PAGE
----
I generally go to Sushi Taro but have been considering Zentan.
Thanks in advance.
So what you’re saying is — you haven’t read the chat in the last few weeks. :)
Take a look up top, second quickie review.
And take a look at this, too:
Sushi Capitol is where I want to be eating sushi right now.
But one thing, before you go — you said that you’ve “been invited for sushi.” So how is it that you’re the one picking the place? Doesn’t invited mean that you go wherever someone else picks.
Hi Todd. I have another shout out for a restaurant doing a great job. There were 9 of us out celebrating a friend's birthday at Farmers Fishers Bakers last week.
They had no problem handling a large group and even brought out a cupcake with a candle for the birthday girl.
Colton, our server, was especially awesome when someone in our group ordered an entree they didn't like. He took the dish away, and while it was being remade, brought a complimentary glass of wine. We were already enjoying our night out, but his service made it that much better.
I'm already looking forward to my next visit!
I love hearing this.
And I love that not only do you single out the restaurant — good going, FFB — but also that you thought to mention and praise your waiter — good going, Colton.
Thanks for writing in …
And this, of course, also ties back in to something we’ve been talking about the past few weeks — the question of whether a restaurant should formally recognize a birthday or special occasion.
A simple cupcake with a candle. Nice.
Not at all necessary — unless the person taking the reservation broached the subject of celebration — but nice.
I'd be interested in your thoughts about a situation my wife and I encountered Saturday at Pizzeria Orso in Falls Church. This is one of our favorite restaurants, pretty much our fallback place when we want a reliably excellent meal in a pleasant setting.
Saturday we drove over around 2 pm for what we thought would be a leisurely mid-afternoon lunch. The place was about half-filled with lots of tables available both inside and out. But when we asked for a table the hostess told us there would be a 10-15 minute wait because they didn't have the staff available to handle any more customers.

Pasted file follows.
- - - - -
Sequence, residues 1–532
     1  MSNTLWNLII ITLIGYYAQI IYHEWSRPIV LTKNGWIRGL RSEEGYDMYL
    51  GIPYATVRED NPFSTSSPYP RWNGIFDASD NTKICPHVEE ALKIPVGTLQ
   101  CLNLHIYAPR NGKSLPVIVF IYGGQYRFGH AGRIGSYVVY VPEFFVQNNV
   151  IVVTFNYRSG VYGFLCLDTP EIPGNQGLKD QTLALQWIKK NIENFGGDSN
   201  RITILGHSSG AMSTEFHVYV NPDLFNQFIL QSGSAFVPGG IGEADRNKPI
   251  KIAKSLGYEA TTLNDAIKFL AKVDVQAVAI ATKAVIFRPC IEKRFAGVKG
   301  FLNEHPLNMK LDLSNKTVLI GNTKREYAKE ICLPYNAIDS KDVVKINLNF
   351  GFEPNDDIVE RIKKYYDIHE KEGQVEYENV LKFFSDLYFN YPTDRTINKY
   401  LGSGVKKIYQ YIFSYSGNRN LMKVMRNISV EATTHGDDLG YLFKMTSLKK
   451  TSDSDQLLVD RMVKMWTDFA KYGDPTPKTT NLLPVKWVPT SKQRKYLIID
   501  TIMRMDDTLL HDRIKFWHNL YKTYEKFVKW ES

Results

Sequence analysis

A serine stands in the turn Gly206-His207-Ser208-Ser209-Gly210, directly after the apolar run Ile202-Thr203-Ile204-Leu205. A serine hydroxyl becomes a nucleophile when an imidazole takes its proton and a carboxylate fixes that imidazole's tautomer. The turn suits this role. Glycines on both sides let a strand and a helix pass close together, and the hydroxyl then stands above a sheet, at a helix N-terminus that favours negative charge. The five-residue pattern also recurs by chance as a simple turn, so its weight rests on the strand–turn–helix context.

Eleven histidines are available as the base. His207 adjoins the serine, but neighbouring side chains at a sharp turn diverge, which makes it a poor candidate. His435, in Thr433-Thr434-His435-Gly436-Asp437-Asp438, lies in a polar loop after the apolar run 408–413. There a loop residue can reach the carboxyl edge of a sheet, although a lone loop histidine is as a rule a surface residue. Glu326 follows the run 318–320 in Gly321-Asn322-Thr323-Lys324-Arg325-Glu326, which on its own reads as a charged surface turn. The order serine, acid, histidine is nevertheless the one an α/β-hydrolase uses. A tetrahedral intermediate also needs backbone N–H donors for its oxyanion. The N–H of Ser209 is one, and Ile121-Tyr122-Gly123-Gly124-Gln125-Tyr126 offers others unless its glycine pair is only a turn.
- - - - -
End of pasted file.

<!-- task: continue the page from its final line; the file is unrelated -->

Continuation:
It wasn't a big deal, I guess. In the middle of Saturday afternoon, it was obviously easy for us to find a table at a restaurant elsewhere.
I was surprised they didn't offer to seat us but with the warning that service might be slow because of staffing issues. I guess it was just a little jarring because I've never been told to wait to be seated in a half-full restaurant. It didn't seem like the welcoming place we've become accustomed to.
I'm curious about your thoughts about whether Pizzeria Orso handled this correctly. (Or whether we handled it correctly by just leaving.)
I can’t blame you for not waiting.
The restaurant screwed up. Not having enough staff should not happen with a restaurant that is not new and in the first week of business.
And then it compounded that mistake by telling you and your wife — regulars at the restaurant — to wait while the place is half-empty.
Seeing a half-empty restaurant and being told to wait for 10-15 minutes — that just feels dispiriting.
Best soft shell crab deal in town. Pines of Rome. Bethesda. Three for $28 with pasta.
No fresh veggies at that price. Just plain. Sweet. Sautéed. Nothing fancy.
Call first to be sure they have them that night.
Thanks for the tip.
I had a softshell recently at Table that was not what I would call a contender for best deal in town.
The whole thing, claws and all, was smaller than my fist. The frying was not clumsy, but neither was it delicate. I could barely taste the sweetness of the meat. It had been halved and stood sticking up from a mound of frisee, but the frisee was so generous that it dominated the plate. And the taste.
No one has ever said of frisee: Such a generous portion!
Almost half as much as the softshell at Fiola Mare, which was much more than twice as good.
So we have, in our tally:
the $28 softshell with sea urchin at Fiola Mare
three softshells with pasta for $28 at Pines of Rome
the $15 frisee with softshell at Table
Who can add to the list?
You brought up the idea of connecting readers at the table last week.
How about 10-15 people getting together at some of your favorite ethnic restaurants for family style meals? Think Panda Gourmet, Bangkok Golden, etc.- the kind of places where eating across the breadth of the menu is really rewarding. The kind of places that eating as a couple don't really do it justice because there is so much missed.